Again, most people won't be pixel peeping to look for the halo effect but since this is a comparison, the Redmi phones do edge ahead.
The Zenfone Max Pro M2 completely lacks a portrait mode, something I had noted in my in-depth review as well.
Landscapes: Xiaomi Redmi Note 6 Pro
While the photo from the Redmi Note 6 Pro definitely stands out from the pact, the cropped image again reveals how far behind the Zenfone Max Pro is when it comes to dynamic range and just being able to handle the exposures.
The sample from the Note 6 Pro is well contrasted and cleaner with better-resolved details in comparison to the Redmi Note 7 and the Realme 2 Pro. There definitely is some over-sharpening at work on the image, but the Note 6 Pro still does a far better job with HDR than the Realme 2 Pro and the Note 7 Pro.
What is also worth mentioning is the fact that the Note 7 Pro image sample cropped into here is a 12 MP binned sample and not a RAW 48 MP shot, which essentially helps the phone preserve more detail. A 48 MP image meanwhile, does not preserve the same amount of details. But because it is a RAW image, you can tweak the image to your liking.
In the second image, the Redmi Note 7 Pro comes out on top, doing a better job with colours, contrast and detail. If you take a look at the cropped image, you'll see how only the Redmi Note 7 Pro and the Realme 2 Pro manage to preserve the textures on tank wall on top of the building.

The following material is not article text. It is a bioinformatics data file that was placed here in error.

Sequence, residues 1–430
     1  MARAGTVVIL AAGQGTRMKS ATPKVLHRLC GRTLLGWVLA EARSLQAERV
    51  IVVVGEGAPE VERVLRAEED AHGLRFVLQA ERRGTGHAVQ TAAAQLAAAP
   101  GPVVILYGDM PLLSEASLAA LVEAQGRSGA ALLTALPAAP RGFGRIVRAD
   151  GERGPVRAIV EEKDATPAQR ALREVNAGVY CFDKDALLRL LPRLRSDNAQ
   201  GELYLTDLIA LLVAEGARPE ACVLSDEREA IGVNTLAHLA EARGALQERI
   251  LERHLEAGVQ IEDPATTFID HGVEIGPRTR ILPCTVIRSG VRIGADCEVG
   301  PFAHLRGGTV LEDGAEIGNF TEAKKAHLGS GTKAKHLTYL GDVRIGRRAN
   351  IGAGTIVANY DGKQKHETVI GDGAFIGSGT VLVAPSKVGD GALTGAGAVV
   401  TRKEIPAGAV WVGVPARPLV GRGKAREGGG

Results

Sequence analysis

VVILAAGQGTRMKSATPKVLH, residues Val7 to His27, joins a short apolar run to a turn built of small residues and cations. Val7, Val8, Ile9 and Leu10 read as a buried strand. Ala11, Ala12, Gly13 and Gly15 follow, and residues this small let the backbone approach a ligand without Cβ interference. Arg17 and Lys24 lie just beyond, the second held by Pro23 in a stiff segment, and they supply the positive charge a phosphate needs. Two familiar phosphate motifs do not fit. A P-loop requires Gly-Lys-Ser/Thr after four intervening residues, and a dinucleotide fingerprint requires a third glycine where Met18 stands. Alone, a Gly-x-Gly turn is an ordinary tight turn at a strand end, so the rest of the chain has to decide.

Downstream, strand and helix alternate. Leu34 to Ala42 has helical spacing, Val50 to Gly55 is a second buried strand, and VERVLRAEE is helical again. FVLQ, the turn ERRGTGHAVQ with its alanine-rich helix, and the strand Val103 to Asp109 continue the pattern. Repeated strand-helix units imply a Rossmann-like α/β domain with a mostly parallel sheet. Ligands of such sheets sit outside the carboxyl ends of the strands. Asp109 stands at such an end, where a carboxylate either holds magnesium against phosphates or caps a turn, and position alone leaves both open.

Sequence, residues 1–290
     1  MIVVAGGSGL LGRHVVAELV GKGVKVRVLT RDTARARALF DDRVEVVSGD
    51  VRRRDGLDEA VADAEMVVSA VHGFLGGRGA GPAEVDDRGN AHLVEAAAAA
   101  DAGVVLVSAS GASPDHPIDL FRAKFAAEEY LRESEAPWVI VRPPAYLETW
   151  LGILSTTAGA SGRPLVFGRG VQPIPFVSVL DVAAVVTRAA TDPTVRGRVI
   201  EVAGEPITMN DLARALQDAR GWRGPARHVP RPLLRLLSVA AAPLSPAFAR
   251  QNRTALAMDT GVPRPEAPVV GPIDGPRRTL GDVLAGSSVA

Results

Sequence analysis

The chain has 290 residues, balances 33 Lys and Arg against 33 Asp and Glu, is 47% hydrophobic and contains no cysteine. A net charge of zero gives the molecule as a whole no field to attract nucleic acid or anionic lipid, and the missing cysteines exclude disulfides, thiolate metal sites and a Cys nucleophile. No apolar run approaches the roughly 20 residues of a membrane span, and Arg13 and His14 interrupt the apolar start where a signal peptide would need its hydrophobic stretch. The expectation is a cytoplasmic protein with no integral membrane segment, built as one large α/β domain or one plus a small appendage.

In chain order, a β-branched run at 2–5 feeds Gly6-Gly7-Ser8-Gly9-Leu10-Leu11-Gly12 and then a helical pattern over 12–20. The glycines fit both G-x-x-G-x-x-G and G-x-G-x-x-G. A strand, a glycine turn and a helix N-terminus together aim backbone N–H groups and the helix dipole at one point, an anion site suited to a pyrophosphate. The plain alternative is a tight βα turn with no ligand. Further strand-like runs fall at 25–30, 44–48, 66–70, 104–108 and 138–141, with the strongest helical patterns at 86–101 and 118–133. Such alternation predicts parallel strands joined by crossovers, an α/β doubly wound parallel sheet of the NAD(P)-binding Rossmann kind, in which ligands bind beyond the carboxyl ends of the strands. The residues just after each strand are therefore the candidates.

Night cityscape: Xiaomi Redmi Note 7 Pro
While none of the phones manage to deal with the tricky shot with aplomb, the Redmi Note 7 Pro definitely has the cleanest image and also manages to do a great job of retaining detail. The Note 6 Pro is a close second when it comes to detail, but fails to match the Note 7 Pro's sheer sensor prowess overall.
The images shot on Realme 2 Pro do look pleasing at first glance but zooming in does reveal a lot of noise. The same applies to the Zenfone as well.
Side Note: The Redmi Note 7 Pro is also the only phone in the mix to feature a dedicated Night Mode.
When it comes to video, I would pick up the Redmi Note 7 Pro or the Realme 2 Pro as they both offer better stability while shooting at 1080p 60 fps. 4K is available on both the phones but both of them lose out on EIS at that resolution which does hurt if you aren't super steady.
To check out all the image samples from the smartphones in this camera comparison head to our Flickr album here.
The Redmi Note 7 Pro may pack great hardware for the price but at the moment, it still loses out to the Redmi Note 6 Pro when it comes to handling tricky lighting conditions in broad daylight. The phone struggles with exposures on certain occasions but its low-light performance and the sheer amount of light it captures is certainly unmatched by any phone in the segment.
The Realme 2 Pro, meanwhile, also does a respectable job in daylight as well as with portraits but simply doesn't take the fight to the Redmi Note 7 Pro when it comes to low-light shots.
Xiaomi, meanwhile, is expected to announce a software patch for the Redmi Note 7 Pro very soon and the camera is one of the key focus areas of the update.
The Redmi Note 7 Pro is definitely your pick if the camera is all you care. The phone's prowess is not only limited to its low-light performance or video capabilities but the sheer hardware advantage that it holds over its competition. Xiaomi is also expected to roll out a camera-oriented software update which is expected to only better the phone's ability to shoot images. Definitely worth every penny considering the phone is priced at Rs 13,999 for the base variant.